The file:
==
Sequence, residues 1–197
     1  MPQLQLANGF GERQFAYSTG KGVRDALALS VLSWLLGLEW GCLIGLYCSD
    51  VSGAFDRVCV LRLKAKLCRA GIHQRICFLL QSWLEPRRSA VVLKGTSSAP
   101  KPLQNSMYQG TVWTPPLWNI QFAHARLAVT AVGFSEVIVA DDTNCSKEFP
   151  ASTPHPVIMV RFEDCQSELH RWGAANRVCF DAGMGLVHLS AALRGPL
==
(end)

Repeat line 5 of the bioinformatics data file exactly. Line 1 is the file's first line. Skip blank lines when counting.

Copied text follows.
   151  ASTPHPVIMV RFEDCQSELH RWGAANRVCF DAGMGLVHLS AALRGPL